Monaco has changed over the years. There’s little doubt about that and even though they’ve been racing there since the 1920’s, it hasn’t changed radically since then. In the 70’s they redesigned the track to encompass the swimming pool section. Some modifications for a smaller and faster chicane in the late 70’s. In the mid-80’s they added the Nouvelle Chicane and in 1997 they redesigned the swimming pool section.
After reclaiming some of the land from the bay, they redesigned the pits and pit lane which added more space for the teams which was a welcome alteration for sure. All things given, it has changed a few times with the largest changes adding the Piscine section and the pitlane changes. Still, the track layout has remained very similar to the original. After Sunday’s race, that might not be good enough anymore.
In what Fernando Alonso called the most boring Formula 1 race ever and echoed by Lewis Hamilton, the latter told the press that maybe it’s time to redesigned the Monaco circuit and make it longer.
“It was insane how little l was pushing – the least l can ever remember. There was a point where l was ten seconds behind and l was conflicted because in my heart l was ‘I still want to win the race’ and they were like ‘no, just bring it home’. I just love racing.
“So what can we do to make this one better?”
Hamilton had an answer to his own question.
“I spoke to Prince Albert the other day and said maybe we should make it longer. There are more roads so maybe we can change this great track and make it even better.
“Or maybe the format should change. You shouldn’t be able to do a one-stop race here. There has to be some mixed-up things. Maybe we need two races.
“But that was the longest 78 laps ever!”
I watched the race on Sunday and to be honest, I enjoyed it and found there to be some intrigue and decent passing and defending. There are those who don’t like Monaco and it seems each year they offer more and more complaints about how processional it is and what a boring race it is.
I jumped on social media to see the reaction and from what I could tell, younger fans are among some of the most ardent supporters of changing the circuit.
One enterprising chap decided to post a video of the famous Ayrton Senna lap as an example of how exciting the Monaco GP used to be and how boring it is no, thus, we need to change it because young fans won’t stand for it any longer.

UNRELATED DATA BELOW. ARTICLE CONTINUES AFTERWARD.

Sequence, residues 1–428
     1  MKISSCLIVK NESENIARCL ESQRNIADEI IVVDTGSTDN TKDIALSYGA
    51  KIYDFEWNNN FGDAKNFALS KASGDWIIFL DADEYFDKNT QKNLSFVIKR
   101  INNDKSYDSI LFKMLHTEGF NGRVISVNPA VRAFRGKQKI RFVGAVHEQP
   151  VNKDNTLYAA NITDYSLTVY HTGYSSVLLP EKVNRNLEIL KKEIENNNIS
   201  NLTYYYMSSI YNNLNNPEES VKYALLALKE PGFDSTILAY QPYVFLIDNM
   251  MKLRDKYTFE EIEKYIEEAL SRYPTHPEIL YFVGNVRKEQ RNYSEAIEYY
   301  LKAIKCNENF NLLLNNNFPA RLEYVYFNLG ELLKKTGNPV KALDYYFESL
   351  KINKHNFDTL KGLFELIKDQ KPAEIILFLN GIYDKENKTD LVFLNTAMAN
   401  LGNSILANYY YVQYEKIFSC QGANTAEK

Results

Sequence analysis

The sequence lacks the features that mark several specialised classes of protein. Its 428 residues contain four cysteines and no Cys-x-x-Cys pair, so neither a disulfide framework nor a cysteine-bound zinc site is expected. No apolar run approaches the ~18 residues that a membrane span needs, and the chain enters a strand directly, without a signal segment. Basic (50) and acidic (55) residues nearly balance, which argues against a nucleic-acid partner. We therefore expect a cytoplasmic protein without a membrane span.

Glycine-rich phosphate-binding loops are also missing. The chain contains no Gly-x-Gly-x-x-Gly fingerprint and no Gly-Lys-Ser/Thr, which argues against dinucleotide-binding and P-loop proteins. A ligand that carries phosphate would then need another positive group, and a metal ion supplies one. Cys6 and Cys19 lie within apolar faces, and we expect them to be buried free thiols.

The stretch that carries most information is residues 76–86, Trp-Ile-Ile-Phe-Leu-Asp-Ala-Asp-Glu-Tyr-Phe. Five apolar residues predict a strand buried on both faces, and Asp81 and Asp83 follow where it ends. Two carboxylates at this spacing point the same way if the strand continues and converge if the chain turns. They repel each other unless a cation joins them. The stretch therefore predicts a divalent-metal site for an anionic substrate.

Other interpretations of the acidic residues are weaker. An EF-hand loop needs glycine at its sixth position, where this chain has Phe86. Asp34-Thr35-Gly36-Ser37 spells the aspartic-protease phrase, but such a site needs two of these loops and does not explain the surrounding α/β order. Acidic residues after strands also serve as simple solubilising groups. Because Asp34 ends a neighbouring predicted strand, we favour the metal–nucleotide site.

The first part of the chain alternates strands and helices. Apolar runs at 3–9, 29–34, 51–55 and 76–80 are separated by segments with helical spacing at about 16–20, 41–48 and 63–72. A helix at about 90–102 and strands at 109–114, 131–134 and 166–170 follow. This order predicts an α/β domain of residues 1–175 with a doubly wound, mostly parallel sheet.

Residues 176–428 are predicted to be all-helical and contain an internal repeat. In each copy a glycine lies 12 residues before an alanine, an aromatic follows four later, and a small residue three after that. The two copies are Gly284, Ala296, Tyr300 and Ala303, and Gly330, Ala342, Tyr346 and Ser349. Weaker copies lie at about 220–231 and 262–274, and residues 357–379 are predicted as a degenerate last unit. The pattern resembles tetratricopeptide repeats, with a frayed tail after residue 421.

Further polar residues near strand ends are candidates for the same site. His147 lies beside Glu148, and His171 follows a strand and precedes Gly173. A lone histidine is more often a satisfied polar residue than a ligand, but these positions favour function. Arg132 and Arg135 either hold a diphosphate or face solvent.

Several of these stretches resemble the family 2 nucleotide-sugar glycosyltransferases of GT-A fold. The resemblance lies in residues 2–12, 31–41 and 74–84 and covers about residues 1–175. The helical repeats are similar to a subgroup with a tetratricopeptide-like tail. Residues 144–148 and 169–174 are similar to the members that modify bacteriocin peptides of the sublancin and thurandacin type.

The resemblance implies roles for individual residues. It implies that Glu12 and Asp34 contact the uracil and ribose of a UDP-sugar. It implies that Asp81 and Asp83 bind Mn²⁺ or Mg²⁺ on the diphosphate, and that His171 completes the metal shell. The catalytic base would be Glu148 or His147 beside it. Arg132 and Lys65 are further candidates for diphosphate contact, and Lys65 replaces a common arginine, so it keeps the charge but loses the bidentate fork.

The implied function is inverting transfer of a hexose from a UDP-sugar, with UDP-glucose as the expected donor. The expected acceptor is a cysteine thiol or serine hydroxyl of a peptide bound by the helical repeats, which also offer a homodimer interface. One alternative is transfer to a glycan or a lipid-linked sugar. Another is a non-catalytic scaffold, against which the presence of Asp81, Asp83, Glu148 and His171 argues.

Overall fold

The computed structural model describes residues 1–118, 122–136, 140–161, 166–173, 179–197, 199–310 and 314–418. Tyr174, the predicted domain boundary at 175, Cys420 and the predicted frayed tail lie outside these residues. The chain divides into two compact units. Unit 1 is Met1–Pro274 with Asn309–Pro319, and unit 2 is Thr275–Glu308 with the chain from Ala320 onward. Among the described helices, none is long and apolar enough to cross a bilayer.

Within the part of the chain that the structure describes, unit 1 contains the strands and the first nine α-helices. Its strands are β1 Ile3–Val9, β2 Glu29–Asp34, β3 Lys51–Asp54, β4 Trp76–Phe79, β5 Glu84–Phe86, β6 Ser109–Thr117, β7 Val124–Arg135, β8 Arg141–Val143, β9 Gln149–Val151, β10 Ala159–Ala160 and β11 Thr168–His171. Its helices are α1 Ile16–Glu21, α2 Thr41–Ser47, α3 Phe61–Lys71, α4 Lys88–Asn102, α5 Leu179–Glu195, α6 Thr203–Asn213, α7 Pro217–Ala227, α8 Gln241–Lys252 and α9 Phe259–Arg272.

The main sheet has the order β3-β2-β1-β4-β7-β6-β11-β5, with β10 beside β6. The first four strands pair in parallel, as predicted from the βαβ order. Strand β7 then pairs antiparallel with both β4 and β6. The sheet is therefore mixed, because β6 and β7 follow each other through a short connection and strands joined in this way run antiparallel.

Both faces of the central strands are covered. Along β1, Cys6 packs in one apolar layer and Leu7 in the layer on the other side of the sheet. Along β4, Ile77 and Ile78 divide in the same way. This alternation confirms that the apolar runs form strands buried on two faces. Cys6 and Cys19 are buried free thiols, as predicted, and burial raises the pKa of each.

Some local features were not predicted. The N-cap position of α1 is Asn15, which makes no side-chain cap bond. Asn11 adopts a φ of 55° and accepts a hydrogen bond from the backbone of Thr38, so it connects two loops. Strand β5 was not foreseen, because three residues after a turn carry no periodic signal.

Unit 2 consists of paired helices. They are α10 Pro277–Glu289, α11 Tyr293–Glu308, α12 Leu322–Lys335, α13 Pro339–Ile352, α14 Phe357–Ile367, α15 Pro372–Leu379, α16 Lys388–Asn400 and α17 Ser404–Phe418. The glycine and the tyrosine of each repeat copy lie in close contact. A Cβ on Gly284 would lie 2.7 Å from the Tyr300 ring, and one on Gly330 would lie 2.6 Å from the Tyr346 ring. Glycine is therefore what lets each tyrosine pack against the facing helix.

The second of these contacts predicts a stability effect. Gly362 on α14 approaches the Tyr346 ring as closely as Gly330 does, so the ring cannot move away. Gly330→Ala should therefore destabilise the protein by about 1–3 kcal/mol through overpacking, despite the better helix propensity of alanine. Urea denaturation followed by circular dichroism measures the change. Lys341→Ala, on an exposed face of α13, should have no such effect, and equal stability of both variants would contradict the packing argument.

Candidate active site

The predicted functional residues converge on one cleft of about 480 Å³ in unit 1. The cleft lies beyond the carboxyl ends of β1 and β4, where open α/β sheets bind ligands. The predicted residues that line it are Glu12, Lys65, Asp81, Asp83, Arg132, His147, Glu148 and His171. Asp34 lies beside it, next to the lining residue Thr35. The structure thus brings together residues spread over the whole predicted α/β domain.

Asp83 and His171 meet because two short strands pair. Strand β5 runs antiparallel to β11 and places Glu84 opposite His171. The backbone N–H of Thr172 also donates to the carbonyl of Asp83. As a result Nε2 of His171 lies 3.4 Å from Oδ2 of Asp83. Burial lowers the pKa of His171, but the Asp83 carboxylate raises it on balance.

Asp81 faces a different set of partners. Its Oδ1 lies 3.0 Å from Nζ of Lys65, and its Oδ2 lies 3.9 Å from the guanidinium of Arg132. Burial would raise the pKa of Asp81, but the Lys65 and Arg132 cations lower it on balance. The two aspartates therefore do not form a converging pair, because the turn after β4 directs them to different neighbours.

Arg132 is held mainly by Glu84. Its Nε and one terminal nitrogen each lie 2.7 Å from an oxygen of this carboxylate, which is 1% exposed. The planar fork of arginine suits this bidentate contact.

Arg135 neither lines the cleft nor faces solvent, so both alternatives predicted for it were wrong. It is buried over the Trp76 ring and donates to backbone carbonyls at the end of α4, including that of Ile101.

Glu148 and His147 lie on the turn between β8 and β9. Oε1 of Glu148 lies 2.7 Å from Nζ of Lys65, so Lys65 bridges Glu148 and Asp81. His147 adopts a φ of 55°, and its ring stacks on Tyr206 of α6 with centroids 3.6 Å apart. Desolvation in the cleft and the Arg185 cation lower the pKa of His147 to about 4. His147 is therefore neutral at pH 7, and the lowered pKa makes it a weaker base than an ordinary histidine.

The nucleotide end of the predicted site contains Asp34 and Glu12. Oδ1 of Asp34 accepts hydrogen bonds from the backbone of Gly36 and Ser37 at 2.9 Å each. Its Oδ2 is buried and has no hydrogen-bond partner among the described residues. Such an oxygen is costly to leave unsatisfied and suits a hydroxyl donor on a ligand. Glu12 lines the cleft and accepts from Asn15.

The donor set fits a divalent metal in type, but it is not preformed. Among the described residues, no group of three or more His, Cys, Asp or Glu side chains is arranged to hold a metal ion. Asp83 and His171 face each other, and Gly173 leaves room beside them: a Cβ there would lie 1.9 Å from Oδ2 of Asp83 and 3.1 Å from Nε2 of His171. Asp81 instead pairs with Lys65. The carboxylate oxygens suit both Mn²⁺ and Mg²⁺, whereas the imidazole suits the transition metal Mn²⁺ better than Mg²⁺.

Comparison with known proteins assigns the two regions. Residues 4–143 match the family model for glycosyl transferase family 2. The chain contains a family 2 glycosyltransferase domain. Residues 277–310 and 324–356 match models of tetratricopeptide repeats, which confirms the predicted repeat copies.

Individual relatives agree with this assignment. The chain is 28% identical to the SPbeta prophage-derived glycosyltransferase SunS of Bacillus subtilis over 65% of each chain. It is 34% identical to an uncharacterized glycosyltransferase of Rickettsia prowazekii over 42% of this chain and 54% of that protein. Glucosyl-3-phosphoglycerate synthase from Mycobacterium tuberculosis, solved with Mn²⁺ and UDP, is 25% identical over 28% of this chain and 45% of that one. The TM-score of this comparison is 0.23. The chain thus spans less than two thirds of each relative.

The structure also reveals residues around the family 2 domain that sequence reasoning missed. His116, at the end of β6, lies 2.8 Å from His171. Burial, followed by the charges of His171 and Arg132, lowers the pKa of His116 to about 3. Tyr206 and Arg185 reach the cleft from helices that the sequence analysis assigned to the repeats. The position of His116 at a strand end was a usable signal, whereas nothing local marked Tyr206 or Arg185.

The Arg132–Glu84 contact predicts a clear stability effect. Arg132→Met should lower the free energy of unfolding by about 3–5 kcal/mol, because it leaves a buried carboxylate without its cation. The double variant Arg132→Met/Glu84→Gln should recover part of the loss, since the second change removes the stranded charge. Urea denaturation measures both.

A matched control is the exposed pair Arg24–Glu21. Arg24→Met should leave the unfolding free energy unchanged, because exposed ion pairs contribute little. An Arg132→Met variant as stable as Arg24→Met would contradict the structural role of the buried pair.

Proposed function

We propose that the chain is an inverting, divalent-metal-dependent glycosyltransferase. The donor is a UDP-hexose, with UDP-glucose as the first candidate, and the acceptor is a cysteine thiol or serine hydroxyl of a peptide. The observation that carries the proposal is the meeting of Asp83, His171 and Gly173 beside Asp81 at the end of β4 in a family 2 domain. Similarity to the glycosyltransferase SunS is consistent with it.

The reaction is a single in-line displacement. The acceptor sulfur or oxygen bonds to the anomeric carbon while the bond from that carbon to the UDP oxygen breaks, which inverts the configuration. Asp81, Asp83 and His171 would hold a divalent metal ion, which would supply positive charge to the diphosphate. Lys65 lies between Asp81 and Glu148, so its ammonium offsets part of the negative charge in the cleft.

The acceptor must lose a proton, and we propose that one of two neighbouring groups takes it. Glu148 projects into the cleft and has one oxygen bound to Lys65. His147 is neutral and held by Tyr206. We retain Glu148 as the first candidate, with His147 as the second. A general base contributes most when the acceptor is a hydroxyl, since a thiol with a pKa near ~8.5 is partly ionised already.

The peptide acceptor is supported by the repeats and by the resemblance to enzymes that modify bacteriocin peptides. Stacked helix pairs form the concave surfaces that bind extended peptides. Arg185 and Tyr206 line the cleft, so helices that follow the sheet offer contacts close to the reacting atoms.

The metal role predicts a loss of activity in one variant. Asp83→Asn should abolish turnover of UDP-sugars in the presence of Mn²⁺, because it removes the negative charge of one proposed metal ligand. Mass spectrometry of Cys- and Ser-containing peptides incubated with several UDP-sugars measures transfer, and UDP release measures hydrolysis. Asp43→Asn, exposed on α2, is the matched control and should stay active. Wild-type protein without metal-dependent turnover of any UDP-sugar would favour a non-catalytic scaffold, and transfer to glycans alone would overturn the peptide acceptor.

I didn’t want to come across as a jerk but the video he posted says everything you need to know about what really is wrong with Monaco. Daniel Ricciardo claimed pole this weekend and the hard core F1 fans will know that was some stunning onboard lap footage. When compared to Senna’s lap, it’s not the same. When Lewis’s race is compared to that of Senna’s race, it’s not the same…but the track is.
What!!?? Are you a luddite? F1 has always been the pinnacle of technology and that is true but perhaps the cars have advanced so far that the visceral experience of Monaco isn’t the same as it used to be. Driver’s weren’t able to take Eau Rougue flat out either but times change.
So now we have cars with epic technology and downforce and Lewis trundled around not pushing during the Monaco Grand Prix. Perhaps there is room to change the circuit and make it longer but is that the right idea? If you reduced aerodynamic downforce and made the cars more of a handful to manage, I think you would find Monaco to be quite the challenge. But that, some fans would argue, is going backwards and where is the logic in that?
F1 owners have suggested that making some track changes that react in ways conducive to better racing given the current car technology and regulations is a possibility. Would Monaco be a place ripe for that change? What do you think?
I’m not in favor of changing Monaco, or other tracks, to suit the current cars. I feel we’ve swung the pendulum too far toward the engineering spectrum and lost a bit of the driver element in F1. Indycar might be a good example that just because you can do something on a car doesn’t always mean you should. The cars at this year’s Indy 500 were a handful and many drivers lost the rear end of the car. Perhaps using technology to make the cars more of a handful could be a move in the right direction? Maybe not.
Hat Tip: Sky Sports F1